So, it's over to me again.
# Body moving, keep your body moving
# Body moving, we be body moving... #
And so we arrive at the top of the list.
And the dance craze that is the craziest craze of all the crazes.
Which could it be?
It's Thriller by Michael Jackson.
A man who sums up the twin themes of dance and crazy more than any popstar who ever lived.
In this video he plays a zombie with eerie accuracy.
Clearly, his odyssey into the depths of plastic surgery gave him
a better understanding than most of how a zombie feels facially.
The results, as you are about to see, are quite spectacular.
I have something I want to tell you.
I'm not like other guys.
Of course not, that's why I love you.
No, I mean, I'm different.
In the beginning Michael's telling me that I'm not
like everyone else and I'm like, I know you're not.
He's like, no, I'm really not like anybody else.
Michael called me and basically
he'd seen American Werewolf In London
and wanted to turn into a monster.
Are you all right?
It is quite an amazing transformation he does.
The thing I used to really flinch at is when the claws come through the ends of his fingers.
There's that noise, isn't there? Krrr.
Released on December 2nd 1983 Thriller was a horror movie in a 13-minute music video.
An epic with the biggest and best dance number we'd ever seen.
Critics called it the greatest music video ever made and now we crown it Pop's Greatest Dance Craze.
# Cos this is thriller, thriller night... #
It was groundbreaking, you know, the video was incredible. The routine was brilliant.
-Everybody knows a bit of Thriller.
-# Thriller night... #
It was amazing, absolutely amazing. When you say Thriller now, my shoulders are going.
They're like zombies but they can dance.
I've never seen zombies that can dance.
They were cool dancing zombies.
That took my breath away because it was so intricate and so unique
and just these dancers, the way they executed it was just amazing.
Michael Jackson was a hot zombie.
You wouldn't care if his arm fell off. You would just, "Ooh, take me now."
It was cool because there were all kinds of moves in that scene You know, the iconic stuff.
There's no moves that you've ever seen that have been done again.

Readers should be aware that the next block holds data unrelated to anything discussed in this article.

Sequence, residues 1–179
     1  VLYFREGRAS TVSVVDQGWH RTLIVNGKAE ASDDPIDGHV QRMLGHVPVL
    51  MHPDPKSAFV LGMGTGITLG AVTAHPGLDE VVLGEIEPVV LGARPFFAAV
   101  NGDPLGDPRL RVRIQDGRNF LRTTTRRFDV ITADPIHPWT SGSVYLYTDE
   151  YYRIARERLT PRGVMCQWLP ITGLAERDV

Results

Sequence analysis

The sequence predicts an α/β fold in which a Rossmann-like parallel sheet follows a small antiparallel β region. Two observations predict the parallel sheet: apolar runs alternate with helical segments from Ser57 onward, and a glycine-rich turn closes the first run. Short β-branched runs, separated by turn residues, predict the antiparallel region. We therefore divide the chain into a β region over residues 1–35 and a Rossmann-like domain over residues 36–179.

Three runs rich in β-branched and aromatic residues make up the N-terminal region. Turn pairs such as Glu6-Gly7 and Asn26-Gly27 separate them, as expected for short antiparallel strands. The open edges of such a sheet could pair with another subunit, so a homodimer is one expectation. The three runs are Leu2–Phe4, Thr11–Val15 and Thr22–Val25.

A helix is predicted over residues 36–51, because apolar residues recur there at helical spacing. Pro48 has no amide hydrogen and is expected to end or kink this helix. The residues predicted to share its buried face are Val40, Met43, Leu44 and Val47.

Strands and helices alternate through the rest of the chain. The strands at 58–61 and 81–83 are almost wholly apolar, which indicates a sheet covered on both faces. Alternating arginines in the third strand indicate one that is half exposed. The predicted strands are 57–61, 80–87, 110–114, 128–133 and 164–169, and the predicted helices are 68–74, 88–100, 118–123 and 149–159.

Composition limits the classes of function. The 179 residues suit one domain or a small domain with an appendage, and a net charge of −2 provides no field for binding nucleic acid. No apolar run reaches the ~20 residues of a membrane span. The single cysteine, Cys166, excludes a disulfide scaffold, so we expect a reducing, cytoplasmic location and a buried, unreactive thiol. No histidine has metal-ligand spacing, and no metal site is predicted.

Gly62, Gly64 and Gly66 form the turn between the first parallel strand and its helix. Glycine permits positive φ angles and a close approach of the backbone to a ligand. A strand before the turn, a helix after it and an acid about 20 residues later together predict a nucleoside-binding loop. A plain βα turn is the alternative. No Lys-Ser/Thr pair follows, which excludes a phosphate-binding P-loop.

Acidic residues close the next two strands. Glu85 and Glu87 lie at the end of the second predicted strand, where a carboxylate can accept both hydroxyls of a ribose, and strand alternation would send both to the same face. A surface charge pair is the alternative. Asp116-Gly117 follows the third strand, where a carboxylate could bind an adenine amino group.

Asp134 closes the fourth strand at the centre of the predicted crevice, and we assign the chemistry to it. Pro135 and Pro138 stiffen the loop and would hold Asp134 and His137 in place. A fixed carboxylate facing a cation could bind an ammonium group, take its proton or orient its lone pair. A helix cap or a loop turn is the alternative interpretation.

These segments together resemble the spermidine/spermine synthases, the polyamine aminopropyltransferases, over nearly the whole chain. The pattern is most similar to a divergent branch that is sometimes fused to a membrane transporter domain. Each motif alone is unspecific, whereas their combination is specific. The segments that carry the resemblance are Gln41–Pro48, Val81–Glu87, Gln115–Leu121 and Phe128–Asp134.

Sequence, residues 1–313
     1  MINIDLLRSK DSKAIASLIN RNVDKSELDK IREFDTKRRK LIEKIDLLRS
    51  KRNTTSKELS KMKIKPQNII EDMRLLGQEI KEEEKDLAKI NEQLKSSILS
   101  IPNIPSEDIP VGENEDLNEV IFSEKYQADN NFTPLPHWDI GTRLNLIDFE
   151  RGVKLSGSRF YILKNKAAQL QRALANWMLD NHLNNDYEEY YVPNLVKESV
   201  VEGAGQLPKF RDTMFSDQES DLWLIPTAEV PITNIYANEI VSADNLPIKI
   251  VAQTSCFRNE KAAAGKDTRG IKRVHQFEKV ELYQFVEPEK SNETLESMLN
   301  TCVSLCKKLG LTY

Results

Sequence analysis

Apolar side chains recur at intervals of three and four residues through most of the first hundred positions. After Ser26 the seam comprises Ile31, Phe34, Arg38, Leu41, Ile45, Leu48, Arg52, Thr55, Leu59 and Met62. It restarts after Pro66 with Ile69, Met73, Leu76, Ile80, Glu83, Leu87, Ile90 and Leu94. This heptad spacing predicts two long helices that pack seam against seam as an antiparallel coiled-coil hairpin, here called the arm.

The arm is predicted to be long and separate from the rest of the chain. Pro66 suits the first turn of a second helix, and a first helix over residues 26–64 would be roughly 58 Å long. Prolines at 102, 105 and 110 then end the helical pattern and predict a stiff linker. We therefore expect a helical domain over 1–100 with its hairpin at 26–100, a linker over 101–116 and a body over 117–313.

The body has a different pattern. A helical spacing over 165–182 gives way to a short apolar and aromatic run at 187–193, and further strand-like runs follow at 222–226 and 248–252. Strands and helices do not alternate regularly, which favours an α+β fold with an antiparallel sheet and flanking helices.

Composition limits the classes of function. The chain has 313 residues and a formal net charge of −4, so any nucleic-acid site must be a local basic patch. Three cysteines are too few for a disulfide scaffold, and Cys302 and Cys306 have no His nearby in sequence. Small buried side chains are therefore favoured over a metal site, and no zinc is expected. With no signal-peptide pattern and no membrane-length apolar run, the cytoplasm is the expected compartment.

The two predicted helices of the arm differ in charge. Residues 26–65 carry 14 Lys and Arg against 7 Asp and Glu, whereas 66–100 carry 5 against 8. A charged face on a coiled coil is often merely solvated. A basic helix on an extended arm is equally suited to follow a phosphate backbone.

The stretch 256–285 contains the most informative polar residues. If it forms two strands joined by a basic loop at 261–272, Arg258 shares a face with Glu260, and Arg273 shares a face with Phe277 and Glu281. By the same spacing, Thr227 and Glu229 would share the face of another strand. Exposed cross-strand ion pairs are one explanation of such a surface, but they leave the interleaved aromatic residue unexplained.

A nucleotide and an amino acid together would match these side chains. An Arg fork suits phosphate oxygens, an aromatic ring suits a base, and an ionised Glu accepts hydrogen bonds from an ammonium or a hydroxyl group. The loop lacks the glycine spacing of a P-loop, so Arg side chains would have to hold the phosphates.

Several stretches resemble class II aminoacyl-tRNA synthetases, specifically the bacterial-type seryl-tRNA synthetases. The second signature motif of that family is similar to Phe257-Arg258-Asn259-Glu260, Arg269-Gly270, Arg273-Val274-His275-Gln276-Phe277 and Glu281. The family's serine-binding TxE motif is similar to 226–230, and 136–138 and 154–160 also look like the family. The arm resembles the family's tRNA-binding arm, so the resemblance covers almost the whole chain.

You have this move that goes chung, chung.
It's like everyone can do that.
Just lift your arms up, grab an apple and there you have it.
You've also got the one where he goes... The zombie.
I said I demand that the dancers have two weeks' rehearsal.
Rehearsal in a rock video is unheard of.
You know, they learn it the day before.
I said it's not quick cut, I want to do it like a dance number. Michael is a brilliant performer.
# Cos this is thriller! #
The video cost £800,000, an amount unheard of for a pop promo at the time.
The production had the kind of costumes and make-up that you'd expect in a Hollywood feature film.
Each individual dancer was in the make-up chair,
for, I would say, three to four hours apiece.
By the time you were finished, you looked in the mirror and it was really frightening.
You had this hideous premonition of possibly what you'll look like
after you've been in the ground for a period of time.
I'm going to show you my Thriller teeth, OK?
This is the bottom set.
This is the top set.
As you can see, just that alone, all of a sudden makes you somebody that you're not.
In 2007, Philippine prisoners became synonymous with the Thriller dance
after a video of 1,500 inmates went viral with 46 million recorded hits.
Thriller worked absolutely everywhere.
Look at the inmates in the Filipino jail. How fantastic is that?
You can take our freedom but you'll never take the dance away from us.
The theories of Michael Jackson are rehearse, rehearse, rehearse, rehearse, rehearse
and if you're doing 25 in jail, you've got time to
rehearse, rehearse, rehearse, rehearse.
Ever since the '80s Michael's fan have wanted to be part
of the Thriller experience by learning the routine.
I bought a magazine and on each page had a perforated thing of a foot.
Once you'd cut out these feet it had various diagrams where you could lay them out
to show you how to do Michael Jackson's most iconic dances.
That is like an Amish version of a dance mat, isn't it?
The late king of pop may be infamous for many reasons but tonight we pay homage and remember him
for his unparalleled ability to light up a dance floor and get us up and busting some moves.
-The whole world watched the dance.
I remember watching it with my parents and to think everybody sat there and watched that
and then the next day everyone's trying to get the dance.
Everyone had done Thriller at some point.
To be part of the Thriller dance was the greatest highlight of my career.
So! That's your lot. If, like me, you spent the whole show
dancing along to each and every song, then, like me, you probably stink.
Take a shower. Seriously, have a shower. Now.
Subtitles by Red Bee Media Ltd
E-mail [email protected]
Robert Webb hosts a top 50 countdown of the hippest, sexiest, quirkiest and campest dance crazes of the last 40 years.
Relive guilty pleasures, celebrate fast-footed heroes and scorn those annoying ones you thought were forgotten in a fun-filled romp through the archives.
Dance master Webb takes viewers by the hand and leads them to the dance floor to find out what the biggest and best dance crazes of all time are. What turns a simple bit of choreography into a worldwide phenomenon? What do Single Ladies, Thriller, Vogue, Oops Upside Your Head and the Macarena have that the Birdie Song and the Ketchup Song do not?
Featuring interviews with Melanie C, Louie Spence, Rufus Hound, Bradley Macintosh, Katy Brand, Craig Revel Horwood, Richard O'Brien, MC Hammer, Carl Douglas, the Village People, Jarvis Cocker, Suggs, Andrew Stone, Shappi Khorsandi, Lisa Scott Lee and Whigfield.
They get under the skin of where the moves originated, how they became a sensation, and - crucially for all dance-floor show-offs - how to recreate them.